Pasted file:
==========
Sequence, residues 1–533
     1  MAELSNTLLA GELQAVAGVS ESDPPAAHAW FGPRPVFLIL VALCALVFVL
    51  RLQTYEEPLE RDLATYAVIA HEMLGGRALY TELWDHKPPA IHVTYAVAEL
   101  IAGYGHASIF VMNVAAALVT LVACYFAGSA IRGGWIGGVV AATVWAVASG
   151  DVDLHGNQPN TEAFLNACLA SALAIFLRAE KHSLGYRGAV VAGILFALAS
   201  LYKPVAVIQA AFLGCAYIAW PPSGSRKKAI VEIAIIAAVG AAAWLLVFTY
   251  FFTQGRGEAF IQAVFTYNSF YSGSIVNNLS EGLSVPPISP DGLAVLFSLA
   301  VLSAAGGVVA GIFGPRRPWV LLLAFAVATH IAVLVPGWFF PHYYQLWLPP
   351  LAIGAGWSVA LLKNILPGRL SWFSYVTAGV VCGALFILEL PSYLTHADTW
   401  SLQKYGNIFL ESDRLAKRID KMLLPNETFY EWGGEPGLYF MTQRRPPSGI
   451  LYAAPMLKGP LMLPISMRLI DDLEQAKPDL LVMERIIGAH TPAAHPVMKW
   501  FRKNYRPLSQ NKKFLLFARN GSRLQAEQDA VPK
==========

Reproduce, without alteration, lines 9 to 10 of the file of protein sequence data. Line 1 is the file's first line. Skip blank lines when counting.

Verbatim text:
   351  LAIGAGWSVA LLKNILPGRL SWFSYVTAGV VCGALFILEL PSYLTHADTW
   401  SLQKYGNIFL ESDRLAKRID KMLLPNETFY EWGGEPGLYF MTQRRPPSGI